Readers of this blog know I believe that stories are central to our understanding of ourselves and the world. That explains why I majored in Religion rather than Philosophy in college. In my experience, the "big questions" often come down to what story or stories we think we are telling with our lives.
The tricky part is being willing to hear the stories of others, even when they are very different from our own. Religious pluralists are people who believe that the different stories of our traditions can exist amiably side-by-side; we need not make matters of faith into a zero-sum game. Brad Hirshfield, one of those pluralists, entitled his recent book, You Don't Have to Be Wrong for Me to be Right.
When the stories we tell involve historical events this becomes trickier still. Even more difficult is when the competing narratives about those events have implications for life and death matters in our world today. This is part of the reason the Israeli-Palestinian conflict remains so fraught and intractable.
The Peace Research Institute in the Middle East recently published a book entitled, "Learning Each Other's Historical Narrative." After years of hearing complaints by both Palestinians and Israelis that the "other" teaches untruths in their textbooks, a group of Israelis and Palestinians decided to put both perspectives between one cover and offer it to both sides.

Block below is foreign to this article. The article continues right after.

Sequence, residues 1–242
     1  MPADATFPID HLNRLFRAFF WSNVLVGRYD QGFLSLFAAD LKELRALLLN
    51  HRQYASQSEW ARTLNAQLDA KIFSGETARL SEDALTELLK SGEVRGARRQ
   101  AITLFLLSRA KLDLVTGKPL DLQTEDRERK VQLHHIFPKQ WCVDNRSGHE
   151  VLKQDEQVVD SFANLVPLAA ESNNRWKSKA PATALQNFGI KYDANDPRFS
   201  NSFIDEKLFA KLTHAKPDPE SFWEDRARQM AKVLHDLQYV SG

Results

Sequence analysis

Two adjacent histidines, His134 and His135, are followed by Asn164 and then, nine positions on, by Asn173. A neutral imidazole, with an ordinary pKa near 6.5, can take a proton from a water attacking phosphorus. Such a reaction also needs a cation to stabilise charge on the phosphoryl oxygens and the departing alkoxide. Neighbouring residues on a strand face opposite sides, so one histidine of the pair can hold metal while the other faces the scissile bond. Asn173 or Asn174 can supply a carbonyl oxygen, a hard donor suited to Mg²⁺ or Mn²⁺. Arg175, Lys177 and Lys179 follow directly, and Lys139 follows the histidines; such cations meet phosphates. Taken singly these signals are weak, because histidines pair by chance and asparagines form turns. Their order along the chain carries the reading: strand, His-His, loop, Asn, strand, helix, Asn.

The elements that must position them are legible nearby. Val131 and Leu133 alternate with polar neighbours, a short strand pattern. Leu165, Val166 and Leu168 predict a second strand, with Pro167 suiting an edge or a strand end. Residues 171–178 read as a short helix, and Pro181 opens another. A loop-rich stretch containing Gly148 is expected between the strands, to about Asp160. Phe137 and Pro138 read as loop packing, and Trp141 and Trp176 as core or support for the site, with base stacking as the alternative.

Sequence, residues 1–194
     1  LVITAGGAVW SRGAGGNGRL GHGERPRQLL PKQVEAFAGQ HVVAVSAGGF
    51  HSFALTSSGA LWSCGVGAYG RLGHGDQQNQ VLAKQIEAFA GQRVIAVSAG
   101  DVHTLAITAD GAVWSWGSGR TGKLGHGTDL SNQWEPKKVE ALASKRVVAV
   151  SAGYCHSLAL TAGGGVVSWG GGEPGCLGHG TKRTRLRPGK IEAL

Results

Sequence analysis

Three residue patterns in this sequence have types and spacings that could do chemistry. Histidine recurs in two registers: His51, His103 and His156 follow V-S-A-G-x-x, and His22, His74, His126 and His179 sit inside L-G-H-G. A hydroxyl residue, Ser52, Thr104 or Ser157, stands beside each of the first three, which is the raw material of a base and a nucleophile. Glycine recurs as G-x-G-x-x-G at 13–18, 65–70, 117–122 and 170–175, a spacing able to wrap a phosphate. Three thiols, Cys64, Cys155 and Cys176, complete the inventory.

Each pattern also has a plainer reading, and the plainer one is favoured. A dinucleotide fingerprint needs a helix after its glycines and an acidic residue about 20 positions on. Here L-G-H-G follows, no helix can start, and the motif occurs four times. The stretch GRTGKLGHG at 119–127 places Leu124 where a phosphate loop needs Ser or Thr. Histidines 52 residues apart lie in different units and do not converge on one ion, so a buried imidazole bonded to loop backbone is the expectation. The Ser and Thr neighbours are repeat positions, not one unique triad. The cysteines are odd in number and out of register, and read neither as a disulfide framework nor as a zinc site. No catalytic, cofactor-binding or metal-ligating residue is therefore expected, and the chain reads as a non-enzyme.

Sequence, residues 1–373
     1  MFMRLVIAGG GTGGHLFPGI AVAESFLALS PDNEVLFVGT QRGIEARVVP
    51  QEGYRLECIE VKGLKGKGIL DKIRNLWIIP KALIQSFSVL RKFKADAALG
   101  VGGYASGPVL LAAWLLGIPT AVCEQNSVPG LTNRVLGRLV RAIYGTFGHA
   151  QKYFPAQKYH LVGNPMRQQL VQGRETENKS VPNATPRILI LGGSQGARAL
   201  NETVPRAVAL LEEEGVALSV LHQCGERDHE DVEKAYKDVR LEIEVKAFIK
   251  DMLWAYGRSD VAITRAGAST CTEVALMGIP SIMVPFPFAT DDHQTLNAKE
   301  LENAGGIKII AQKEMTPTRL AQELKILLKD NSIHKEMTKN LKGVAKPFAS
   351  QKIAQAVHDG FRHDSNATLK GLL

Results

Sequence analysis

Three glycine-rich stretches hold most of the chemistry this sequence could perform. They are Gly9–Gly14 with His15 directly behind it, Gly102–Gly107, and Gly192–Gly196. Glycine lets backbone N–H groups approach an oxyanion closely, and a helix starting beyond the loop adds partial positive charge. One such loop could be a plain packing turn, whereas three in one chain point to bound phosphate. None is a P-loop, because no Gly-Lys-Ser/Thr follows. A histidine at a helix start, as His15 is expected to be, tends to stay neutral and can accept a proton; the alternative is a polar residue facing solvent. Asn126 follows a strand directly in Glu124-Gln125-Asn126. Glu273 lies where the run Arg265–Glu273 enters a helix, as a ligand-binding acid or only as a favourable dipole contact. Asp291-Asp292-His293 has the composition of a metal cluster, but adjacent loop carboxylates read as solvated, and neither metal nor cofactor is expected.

Ironically, the Israeli Education Ministry and the Palestinian Education Ministry have found a point on which they can agree. They both have banned the book.
You can read more about the book hereand peruse a preliminary English translation here. For the time being, the authors are looking into completing the English translation and publishing it in the United States. I am not vouching for either of the historical narratives presented in that book, but I look forward to reading them both, and discussing them with friends of different religions and different outlooks.
Have you had a chance to look at the translation? What do you think?